The cybersecurity commandments: about small causes of big problems

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Written by Angela Baker, Freelance writer at TrustMyPaper

When it comes to cybersecurity, it’s hard to overestimate the repercussions that minute issues can lead to. Both businesses and individuals are at risk if they don’t invest the necessary time and effort into securing their data.

While cybersecurity doesn’t seem to be on top of most business’s priority lists, statistics show that over half of US-based SMB’s will typically go out of business in less than a year after a data breach. It’s safe to assume that the vast majority of those breaches could have been prevented with basic cybersecurity measures.

In this article, I wanted to talk to you about the small things individuals and organisations can do to prevent large-scale issues. Let’s dive right in, shall we?

Beware of phishing

Phishing is a widespread form of email fraud that will typically have the victims click on malicious links and collect their personal and/or financial data. Phishing practices often revolve around psychological manipulation, typically ensuring unsuspecting victims that the email they received is from a company whose services or products they use.

Here are a few things you can do to prevent phishing:

  • Stay informed about the latest phishing practices
  • Analyse the links you receive and the email addresses you receive suspicious emails from
  • Make use of an anti-phishing toolbar
  • Use a firewall

Don’t sleep on out-of-date software

Cyberattackers will often exploit some common vulnerabilities in popular software programs. Once in a while, even reputable software will end up having ridiculous security bugs. However, these bugs will commonly be identified very quickly and solved by the developer. There’s just one precondition: you need to update the software. Failing to do so will often leave you vulnerable to security bugs and hackers trying to exploit them.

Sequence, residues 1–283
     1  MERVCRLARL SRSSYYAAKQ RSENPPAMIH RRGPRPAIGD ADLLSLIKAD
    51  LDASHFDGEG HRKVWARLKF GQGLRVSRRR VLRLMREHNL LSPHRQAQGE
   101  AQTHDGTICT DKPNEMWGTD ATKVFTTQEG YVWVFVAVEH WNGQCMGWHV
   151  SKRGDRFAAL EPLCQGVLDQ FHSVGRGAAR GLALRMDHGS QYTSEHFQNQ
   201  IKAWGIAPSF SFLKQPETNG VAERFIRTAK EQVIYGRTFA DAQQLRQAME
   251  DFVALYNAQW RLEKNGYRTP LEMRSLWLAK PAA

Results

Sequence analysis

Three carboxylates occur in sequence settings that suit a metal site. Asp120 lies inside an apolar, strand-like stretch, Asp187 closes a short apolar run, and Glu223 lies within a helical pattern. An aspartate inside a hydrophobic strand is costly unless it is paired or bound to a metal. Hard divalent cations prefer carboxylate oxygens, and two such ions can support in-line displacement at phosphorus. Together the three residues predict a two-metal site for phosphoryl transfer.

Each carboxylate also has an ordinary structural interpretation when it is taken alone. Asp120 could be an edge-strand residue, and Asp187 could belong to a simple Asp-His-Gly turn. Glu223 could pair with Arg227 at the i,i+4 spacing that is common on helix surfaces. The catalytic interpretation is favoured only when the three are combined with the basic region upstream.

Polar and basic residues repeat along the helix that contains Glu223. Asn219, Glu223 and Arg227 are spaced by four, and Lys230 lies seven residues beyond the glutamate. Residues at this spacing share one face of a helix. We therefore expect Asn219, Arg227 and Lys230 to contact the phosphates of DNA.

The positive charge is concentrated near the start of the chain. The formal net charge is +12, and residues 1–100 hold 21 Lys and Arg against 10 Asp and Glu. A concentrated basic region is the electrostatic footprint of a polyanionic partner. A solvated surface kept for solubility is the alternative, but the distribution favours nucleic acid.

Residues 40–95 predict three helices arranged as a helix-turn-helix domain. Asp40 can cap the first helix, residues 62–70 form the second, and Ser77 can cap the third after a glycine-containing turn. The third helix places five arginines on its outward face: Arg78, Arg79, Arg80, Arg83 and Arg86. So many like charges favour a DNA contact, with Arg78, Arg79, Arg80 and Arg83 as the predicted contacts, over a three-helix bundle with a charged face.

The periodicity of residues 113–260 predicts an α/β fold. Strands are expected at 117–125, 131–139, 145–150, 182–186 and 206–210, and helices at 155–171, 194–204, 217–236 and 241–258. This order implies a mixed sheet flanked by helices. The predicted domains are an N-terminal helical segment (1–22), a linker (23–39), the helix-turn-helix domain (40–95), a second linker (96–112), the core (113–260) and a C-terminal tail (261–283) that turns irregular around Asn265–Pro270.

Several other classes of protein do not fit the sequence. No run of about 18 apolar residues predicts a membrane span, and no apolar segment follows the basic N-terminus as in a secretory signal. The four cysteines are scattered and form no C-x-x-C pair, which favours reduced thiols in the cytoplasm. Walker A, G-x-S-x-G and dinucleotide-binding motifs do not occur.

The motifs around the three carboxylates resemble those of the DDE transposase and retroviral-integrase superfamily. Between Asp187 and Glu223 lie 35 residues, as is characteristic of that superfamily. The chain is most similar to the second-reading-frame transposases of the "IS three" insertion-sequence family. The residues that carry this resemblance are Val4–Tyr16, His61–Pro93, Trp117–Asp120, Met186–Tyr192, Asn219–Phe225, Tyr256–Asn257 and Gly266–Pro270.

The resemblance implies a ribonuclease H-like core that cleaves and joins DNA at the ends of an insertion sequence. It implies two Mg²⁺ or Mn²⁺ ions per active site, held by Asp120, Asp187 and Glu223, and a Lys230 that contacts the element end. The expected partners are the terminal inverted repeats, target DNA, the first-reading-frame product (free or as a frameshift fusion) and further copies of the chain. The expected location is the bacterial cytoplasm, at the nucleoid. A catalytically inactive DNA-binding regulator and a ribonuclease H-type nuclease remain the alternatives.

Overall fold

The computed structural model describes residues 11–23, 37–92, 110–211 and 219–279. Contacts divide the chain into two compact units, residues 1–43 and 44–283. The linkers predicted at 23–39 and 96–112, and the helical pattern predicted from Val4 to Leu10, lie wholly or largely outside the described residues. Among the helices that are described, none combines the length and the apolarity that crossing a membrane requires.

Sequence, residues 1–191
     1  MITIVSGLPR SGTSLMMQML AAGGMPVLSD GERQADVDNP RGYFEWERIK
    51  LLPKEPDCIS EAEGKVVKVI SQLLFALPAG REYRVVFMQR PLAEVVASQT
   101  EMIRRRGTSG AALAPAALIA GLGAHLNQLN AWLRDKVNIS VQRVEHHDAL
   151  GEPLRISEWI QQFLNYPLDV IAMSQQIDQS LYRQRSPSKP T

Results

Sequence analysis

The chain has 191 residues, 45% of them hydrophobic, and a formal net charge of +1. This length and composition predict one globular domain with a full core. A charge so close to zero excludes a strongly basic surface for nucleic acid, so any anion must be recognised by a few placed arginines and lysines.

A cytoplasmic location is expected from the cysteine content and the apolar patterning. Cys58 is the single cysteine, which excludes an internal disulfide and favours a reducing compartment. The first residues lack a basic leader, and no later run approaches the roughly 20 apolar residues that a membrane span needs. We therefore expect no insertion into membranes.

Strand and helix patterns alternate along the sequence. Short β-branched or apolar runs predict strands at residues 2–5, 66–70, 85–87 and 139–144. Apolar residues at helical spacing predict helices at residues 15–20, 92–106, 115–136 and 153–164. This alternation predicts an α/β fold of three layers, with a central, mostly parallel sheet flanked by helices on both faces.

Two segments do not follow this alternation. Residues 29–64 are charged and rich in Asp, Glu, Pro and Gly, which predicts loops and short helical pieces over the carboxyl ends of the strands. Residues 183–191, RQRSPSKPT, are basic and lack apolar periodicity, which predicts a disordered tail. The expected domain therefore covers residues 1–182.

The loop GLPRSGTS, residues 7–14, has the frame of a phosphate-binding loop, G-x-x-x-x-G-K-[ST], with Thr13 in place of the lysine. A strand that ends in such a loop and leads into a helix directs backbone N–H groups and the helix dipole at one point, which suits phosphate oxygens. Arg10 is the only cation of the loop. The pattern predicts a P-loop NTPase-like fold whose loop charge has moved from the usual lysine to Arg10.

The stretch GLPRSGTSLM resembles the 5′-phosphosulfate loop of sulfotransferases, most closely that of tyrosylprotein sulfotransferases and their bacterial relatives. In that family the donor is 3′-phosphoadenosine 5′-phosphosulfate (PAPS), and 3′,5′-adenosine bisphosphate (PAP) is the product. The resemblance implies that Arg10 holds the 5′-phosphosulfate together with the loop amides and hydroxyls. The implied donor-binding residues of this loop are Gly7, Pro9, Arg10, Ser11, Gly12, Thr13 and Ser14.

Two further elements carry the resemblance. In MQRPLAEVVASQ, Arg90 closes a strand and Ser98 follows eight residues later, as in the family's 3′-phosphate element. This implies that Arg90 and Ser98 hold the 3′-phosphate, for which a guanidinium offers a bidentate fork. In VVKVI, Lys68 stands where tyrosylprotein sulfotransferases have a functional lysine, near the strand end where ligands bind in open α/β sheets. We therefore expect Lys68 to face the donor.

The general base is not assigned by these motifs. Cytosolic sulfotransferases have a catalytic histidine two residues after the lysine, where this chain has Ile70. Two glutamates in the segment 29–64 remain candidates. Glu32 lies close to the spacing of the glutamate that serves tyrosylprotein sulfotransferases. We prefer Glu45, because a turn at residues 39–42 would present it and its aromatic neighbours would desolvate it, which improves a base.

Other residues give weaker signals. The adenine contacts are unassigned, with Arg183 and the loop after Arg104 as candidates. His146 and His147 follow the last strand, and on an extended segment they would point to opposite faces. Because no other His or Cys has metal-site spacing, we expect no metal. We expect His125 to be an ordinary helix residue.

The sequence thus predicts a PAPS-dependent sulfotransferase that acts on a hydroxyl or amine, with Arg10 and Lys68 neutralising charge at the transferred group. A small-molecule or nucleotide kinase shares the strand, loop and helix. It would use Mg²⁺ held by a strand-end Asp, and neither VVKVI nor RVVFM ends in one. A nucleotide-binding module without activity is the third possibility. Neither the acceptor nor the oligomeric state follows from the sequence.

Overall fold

Despite the fact that the vast majority of updates are free of charge and often are quick to install, organisations will often totally disregard them. Thus, remaining an easy target for opportunistic cybercriminals. This regards individual users too. It is often the case that even operational systems for both gadgets and computers will end up having significant vulnerabilities, which infers that it’s essential to keep an eye on early software updates.

Invest in education

As cybersecurity tactics become increasingly complex and intricate, users and organisations need to continually invest time and/ or money into education on the topic. This is especially relevant for businesses as the repercussions of a poor cybersecurity strategy can be incredibly costly.

Furthermore, a person that is versed in cybersecurity is a valuable addition to any company, so becoming initiated in basic and advanced cybersecurity is an impressive pro in your resume. There is a wide variety of businesses like Trust My Paper that have started combatting high levels of cyberattacks on the internet by recruiting professionals that have some knowledge in cybersecurity. It’s also safe to assume that this will become an increasingly relevant demand in job descriptions in the near future.

Change passwords regularly

Regularly changing your passwords is a great idea because even if somebody has gotten a hold of your password, they won’t be able to spy on you for prolonged periods of time. It is also essential to not use the same password for multiple accounts because this may lead to an overall breach of your security throughout a large spectrum of the online services you use.

Simply changing your passphrases once in a few months will help you keep spies at bay. However, it’s essential not to change passwords too often if you don’t have a reliable password manager. This will create a lot of confusion for both individual and corporate users.

When is the best time to change your password?

  • When a service you use has reported a data breach. 
  • A service you use has reported that somebody has entered your account from a different location. 
  • A device you use has been infected with malware. 
  • You’ve previously shared the credentials with a third party. 
  • You’ve logged on a public computer


Cybercrime is going to be a ubiquitous topic in the years to come, and it’s time for us to prepare for it.

There are enough people and enough ways to hack into our personal and corporate devices, which suggests that we need to stay informed and always take the minimum measures to prevent attacks.

We hope you found this article useful. Good luck!

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